Farhaz Khan acts for successful DFSA in DIFC Financial Markets Tribunal

The Financial Markets Tribunal (FMT) has upheld enforcement action taken by the Dubai Financial Services Authority (DFSA) against Dr Mubashir Ahmed Sheikh for serious misconduct including misleading and deceptive behaviour.

Following a five-day fully remote hearing in April of this year, the FMT issued its decision on 20 October upholding the DFSA’s findings and imposing the following sanctions:

  • A fine of USD225,000;
  • A direction that Dr Sheikh pay restitution of at least USD644,836 to MAS Clearsight Ltd (MAS) representing the cash he had previously withdrawn in a deceptive way, along with interest;
  • A prohibition from holding office in or being an employee of certain DFSA-regulated entities; and,
  • A restriction from performing any function in connection with the provision of Financial Services in or from the DIFC.

Dr Sheikh was the Chairman, Senior Executive Officer and majority beneficial owner of MAS, formerly a DFSA Authorised Firm which has been in liquidation since November 2015. As publicised in the DFSA’s media release, dated 3 October 2019, the DFSA decided to take action against Dr Sheikh for breaches of DFSA legislation. Dr Sheikh disputed the DFSA’s findings and referred the action to the FMT for review. The FMT is a specialist tribunal, operationally independent of the DFSA, which has its own rules of procedure. The FMT conducts a full merits review of DFSA decisions that are referred to it and determines the appropriate action for the DFSA to take. The restitution direction is the first ever imposed on an individual, and the fine is the highest imposed on an individual. In addition, the FMT ordered Dr Sheikh to pay USD15,000 towards the DFSA’s costs.

The FMT imposed the action on Dr Sheikh because it found that he:

  • demonstrated a lack of integrity by knowingly acting dishonestly and deceptively;
  • knowingly provided false, misleading or deceptive information to the DFSA; and
  • knowingly caused MAS to breach the DFSA’s prudential rules.

The key facts and findings of the case include:

  • In early 2015, Dr Sheikh’s company (MAS) was in an increasingly weak financial position, and required to report its financial position to the DFSA on a monthly basis, in particular as to whether it was maintaining its regulatory capital of USD600,000;
  • In May and June 2015, Dr Sheikh withdrew over USD512,000 in cash from MAS’ bank account, depleting almost all of its liquid assets, and causing MAS to breach its regulatory capital requirement;
  • By concealing his cash withdrawals and knowingly providing false information about them within MAS, Dr Sheikh knowingly caused MAS, via its Finance Officer, to misreport its regulatory capital position to the DFSA;
  • When the DFSA became aware of the true position in June 2015, it promptly suspended MAS’ licence, to protect users of financial services in the DIFC. Subsequently in 2015, MAS entered into liquidation with significant outstanding debts including unpaid employee entitlements;
  • In an attempt to defend his misconduct, Dr Sheikh repeatedly, over the course of several years, provided the DFSA and the FMT with an elaborate and improbable version of events. This included false claims that Dr Sheikh withdrew the cash initially to pay investors as part of an investment deal, and later when the deal fell through to pay other legitimate debtors, which claims he tried to support with fabricated documents and false witness testimony.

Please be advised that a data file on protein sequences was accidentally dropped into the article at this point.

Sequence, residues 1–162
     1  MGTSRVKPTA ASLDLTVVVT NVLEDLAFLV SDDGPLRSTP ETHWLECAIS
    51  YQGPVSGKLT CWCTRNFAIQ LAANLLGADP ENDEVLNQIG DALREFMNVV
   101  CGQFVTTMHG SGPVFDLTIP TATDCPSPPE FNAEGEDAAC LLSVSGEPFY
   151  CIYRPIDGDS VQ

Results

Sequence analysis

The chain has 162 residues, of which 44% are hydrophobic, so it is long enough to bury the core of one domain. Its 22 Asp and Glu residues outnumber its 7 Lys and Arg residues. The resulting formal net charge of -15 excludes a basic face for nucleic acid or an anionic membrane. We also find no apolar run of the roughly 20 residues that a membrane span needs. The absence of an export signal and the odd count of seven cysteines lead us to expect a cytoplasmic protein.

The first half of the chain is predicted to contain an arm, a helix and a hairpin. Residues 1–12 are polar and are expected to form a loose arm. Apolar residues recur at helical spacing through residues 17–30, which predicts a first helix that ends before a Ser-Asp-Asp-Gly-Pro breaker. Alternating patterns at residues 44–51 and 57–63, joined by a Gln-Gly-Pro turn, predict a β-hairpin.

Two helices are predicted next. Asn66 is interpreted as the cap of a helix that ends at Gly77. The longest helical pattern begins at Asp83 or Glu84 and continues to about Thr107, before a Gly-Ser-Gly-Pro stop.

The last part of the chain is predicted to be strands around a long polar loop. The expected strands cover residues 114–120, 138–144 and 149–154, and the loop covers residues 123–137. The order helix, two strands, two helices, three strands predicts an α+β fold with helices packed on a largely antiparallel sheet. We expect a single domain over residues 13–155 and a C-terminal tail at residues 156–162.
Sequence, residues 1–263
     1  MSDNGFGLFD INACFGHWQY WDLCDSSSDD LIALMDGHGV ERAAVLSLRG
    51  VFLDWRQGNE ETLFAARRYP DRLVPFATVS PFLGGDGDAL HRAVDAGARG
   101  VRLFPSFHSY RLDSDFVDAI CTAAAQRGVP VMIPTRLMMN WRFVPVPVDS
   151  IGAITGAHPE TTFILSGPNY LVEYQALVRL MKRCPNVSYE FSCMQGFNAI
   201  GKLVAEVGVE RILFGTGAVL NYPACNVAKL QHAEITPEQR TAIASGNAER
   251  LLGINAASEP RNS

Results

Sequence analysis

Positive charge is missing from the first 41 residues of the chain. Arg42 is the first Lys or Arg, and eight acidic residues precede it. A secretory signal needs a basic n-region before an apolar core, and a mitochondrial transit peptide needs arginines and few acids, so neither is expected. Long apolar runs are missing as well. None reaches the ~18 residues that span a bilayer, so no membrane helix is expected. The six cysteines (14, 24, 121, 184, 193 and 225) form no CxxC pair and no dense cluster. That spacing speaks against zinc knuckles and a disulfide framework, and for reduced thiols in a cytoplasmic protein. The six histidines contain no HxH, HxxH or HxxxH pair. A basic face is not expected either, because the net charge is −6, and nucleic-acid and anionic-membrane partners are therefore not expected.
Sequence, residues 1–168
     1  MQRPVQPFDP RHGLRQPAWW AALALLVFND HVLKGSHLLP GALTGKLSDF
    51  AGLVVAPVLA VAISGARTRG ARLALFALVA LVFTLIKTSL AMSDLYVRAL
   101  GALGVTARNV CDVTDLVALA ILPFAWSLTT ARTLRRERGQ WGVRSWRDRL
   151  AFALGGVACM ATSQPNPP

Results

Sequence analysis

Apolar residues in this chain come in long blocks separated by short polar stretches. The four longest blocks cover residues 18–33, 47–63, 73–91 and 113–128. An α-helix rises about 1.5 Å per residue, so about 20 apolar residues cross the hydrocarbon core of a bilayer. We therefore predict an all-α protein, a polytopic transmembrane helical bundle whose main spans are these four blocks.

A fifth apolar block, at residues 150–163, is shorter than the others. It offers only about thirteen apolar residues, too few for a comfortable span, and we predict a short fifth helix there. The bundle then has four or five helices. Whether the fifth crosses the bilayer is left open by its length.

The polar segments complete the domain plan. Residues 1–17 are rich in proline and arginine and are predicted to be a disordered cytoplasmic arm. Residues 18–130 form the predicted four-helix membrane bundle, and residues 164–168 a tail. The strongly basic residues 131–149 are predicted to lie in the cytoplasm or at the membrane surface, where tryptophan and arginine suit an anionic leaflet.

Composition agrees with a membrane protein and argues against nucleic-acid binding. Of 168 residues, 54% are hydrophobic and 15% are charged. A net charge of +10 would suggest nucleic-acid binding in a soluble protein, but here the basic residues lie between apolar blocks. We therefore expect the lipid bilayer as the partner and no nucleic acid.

In its decision, the FMT described Dr Sheikh’s misconduct as a “dishonest set of steps aggravated by devious acts to try to conceal and cover up over a long period”. The FMT also found that Dr Sheikh knew full well that his withdrawals had been causing MAS to breach its regulatory capital requirement “because his story of the deal is a lie”.

Bryan Stirewalt, Chief Executive of the DFSA, said: “The DFSA has zero tolerance for individuals who deliberately mislead and attempt to deceive the regulator, particularly where an individual takes such elaborate and dishonest steps to conceal their conduct. Such individuals will be held accountable to the fullest degree of the law, and they have no place in the DIFC. The DFSA will also require, where appropriate, wrongdoers to compensate those who have suffered losses arising from their misconduct. Individuals in control of financial services firms must manage the firm’s finances responsibly, in the interest of all stakeholders including employees, and act with integrity at all times.”

The FMT refused Dr Sheikh permission to appeal its decision to the DIFC Court. Dr Sheikh did not file an application to the DIFC Courts for permission to appeal against the FMT’s decision and, therefore, the FMT’s decision is final.

The FMT’s decision can be found on the FMT section of the DFSA website, and a copy of it can be accessed here. Information about pending FMT matters, including details of any public hearings, can be found via the same link. Click here to read the full judgment.

Farhaz Khan acted for the DFSA.

Adam Temple recently successfully acted for the DFSA on getting the DIFC Financial Markets Tribunal to affirm fines that were imposed against two Al Masah companies and three individuals. Click here to read more on this case.

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